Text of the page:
Rice vermicelli is not a type of rice but actually is a type of Asian noodle that is made from rice, or rice flour, and is often called rice sticks. Sold in a dry form, this popular noodle cooks very quickly. The noodles are thin and translucent and are not to be confused with another type of noodle called cellophane noodles, which are made from mung bean starch. Rice vermicelli comes in different forms — twisted, shredded, paper and stirred — and is commonly used in most types of Asian cuisine, including Chinese, Indonesian, Filipino, Thai and Vietnamese.
Called mi fen, mee fun or mei fun in a Chinese restaurant or grocery store, rice vermicelli is also called mai fun in Japanese and sen mee in Thai cuisine. The thin rice noodle is usually available packaged in a dry form and generally can be found in supermarkets in many countries around the world. Markets that specialize in Asian food might sell these noodles in a fresh form in addition to the dry packaging. In addition to its use in Asian cuisine, these noodles can also substitute for the thin egg noodles in non-Asian dishes, such as chicken noodle soup.
Rice sticks, as they are often called, are generally added to soups, salads, stir-fried entrées and soups. Cooks soak the dry rice noodles in warm water to soften them for several minutes before adding them to the dish to finish the cooking process. Dry rice vermicelli can be deep fried without soaking it in water, for a crunchy addition to Chinese chicken salad or to garnish chicken chow mein and other dishes.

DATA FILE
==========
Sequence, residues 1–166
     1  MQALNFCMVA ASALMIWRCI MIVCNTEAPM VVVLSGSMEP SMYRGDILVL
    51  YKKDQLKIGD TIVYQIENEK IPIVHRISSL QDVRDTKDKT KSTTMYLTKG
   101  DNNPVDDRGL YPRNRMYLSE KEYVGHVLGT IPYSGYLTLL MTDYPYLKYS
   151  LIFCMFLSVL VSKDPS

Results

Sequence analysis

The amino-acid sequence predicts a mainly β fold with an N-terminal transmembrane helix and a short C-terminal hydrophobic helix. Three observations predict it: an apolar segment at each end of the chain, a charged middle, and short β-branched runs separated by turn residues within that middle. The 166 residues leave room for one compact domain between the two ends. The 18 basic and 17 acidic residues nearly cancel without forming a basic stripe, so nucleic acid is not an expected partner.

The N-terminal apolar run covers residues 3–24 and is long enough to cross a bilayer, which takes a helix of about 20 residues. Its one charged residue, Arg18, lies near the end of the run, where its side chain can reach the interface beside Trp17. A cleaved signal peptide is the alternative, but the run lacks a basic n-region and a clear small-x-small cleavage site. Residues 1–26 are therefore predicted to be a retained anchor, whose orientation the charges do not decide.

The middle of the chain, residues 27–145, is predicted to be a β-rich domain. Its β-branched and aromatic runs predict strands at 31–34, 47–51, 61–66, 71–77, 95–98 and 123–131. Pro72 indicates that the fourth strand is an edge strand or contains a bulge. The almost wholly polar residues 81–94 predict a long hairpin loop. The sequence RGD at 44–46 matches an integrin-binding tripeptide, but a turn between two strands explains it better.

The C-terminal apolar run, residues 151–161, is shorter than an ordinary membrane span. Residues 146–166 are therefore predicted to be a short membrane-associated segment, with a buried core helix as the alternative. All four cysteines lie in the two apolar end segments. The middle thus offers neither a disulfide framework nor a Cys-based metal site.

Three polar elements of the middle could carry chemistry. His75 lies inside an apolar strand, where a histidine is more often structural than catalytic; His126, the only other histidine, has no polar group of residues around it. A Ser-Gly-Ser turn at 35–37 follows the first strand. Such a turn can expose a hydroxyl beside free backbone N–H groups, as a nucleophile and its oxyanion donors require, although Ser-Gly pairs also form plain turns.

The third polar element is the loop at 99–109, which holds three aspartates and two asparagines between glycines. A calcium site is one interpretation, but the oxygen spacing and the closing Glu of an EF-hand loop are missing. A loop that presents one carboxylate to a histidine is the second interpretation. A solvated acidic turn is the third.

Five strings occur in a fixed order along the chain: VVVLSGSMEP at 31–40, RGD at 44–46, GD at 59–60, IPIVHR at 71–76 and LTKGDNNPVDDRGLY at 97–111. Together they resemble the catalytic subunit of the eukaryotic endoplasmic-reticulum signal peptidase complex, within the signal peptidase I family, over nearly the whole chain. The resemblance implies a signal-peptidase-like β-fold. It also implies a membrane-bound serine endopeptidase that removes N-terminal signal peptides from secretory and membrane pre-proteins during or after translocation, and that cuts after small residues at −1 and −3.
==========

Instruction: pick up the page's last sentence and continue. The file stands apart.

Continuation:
Popular in most Asian countries, rice sticks combine well with a variety of ingredients associated with the types of cuisine native to each country and can be substituted for rice in most rice dishes. Vietnamese cooks often pair rice vermicelli with fried pork meat, snails, fried eggs, crab soup and chicken. A Chinese recipe might combine these noodles with scallions, soy sauce, bean sprouts and chicken. Mee siam is a spicy Malaysian dish of shrimp, chicken, shallots, red chilies, garlic and scallions. The word for rice vermicelli in India is sevai, and it is often served at any meal, including breakfast.